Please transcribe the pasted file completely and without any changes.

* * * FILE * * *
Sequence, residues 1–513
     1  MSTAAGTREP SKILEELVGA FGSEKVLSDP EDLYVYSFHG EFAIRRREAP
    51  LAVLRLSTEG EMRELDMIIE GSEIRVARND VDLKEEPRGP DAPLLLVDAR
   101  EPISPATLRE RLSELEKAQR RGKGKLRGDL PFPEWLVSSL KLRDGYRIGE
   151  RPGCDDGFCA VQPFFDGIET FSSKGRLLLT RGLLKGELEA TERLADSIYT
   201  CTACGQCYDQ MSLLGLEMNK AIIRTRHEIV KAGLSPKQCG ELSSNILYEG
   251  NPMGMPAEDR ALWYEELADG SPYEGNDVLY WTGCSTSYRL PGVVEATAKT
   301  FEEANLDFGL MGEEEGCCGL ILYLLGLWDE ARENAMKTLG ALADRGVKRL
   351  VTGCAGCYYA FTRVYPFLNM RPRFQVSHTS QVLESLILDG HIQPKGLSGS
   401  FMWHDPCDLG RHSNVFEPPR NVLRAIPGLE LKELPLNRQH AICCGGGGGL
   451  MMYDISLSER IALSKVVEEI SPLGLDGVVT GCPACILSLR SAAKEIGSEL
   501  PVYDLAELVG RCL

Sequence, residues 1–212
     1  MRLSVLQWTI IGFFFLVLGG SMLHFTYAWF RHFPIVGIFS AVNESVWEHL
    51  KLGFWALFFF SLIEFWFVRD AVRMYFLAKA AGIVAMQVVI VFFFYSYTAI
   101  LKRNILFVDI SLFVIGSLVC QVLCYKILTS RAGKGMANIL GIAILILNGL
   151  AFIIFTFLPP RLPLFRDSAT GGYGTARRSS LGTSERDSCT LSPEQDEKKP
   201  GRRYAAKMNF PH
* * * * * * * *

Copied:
Sequence, residues 1–513
     1  MSTAAGTREP SKILEELVGA FGSEKVLSDP EDLYVYSFHG EFAIRRREAP
    51  LAVLRLSTEG EMRELDMIIE GSEIRVARND VDLKEEPRGP DAPLLLVDAR
   101  EPISPATLRE RLSELEKAQR RGKGKLRGDL PFPEWLVSSL KLRDGYRIGE
   151  RPGCDDGFCA VQPFFDGIET FSSKGRLLLT RGLLKGELEA TERLADSIYT
   201  CTACGQCYDQ MSLLGLEMNK AIIRTRHEIV KAGLSPKQCG ELSSNILYEG
   251  NPMGMPAEDR ALWYEELADG SPYEGNDVLY WTGCSTSYRL PGVVEATAKT
   301  FEEANLDFGL MGEEEGCCGL ILYLLGLWDE ARENAMKTLG ALADRGVKRL
   351  VTGCAGCYYA FTRVYPFLNM RPRFQVSHTS QVLESLILDG HIQPKGLSGS
   401  FMWHDPCDLG RHSNVFEPPR NVLRAIPGLE LKELPLNRQH AICCGGGGGL
   451  MMYDISLSER IALSKVVEEI SPLGLDGVVT GCPACILSLR SAAKEIGSEL
   501  PVYDLAELVG RCL

Sequence, residues 1–212
     1  MRLSVLQWTI IGFFFLVLGG SMLHFTYAWF RHFPIVGIFS AVNESVWEHL
    51  KLGFWALFFF SLIEFWFVRD AVRMYFLAKA AGIVAMQVVI VFFFYSYTAI
   101  LKRNILFVDI SLFVIGSLVC QVLCYKILTS RAGKGMANIL GIAILILNGL
   151  AFIIFTFLPP RLPLFRDSAT GGYGTARRSS LGTSERDSCT LSPEQDEKKP
   201  GRRYAAKMNF PH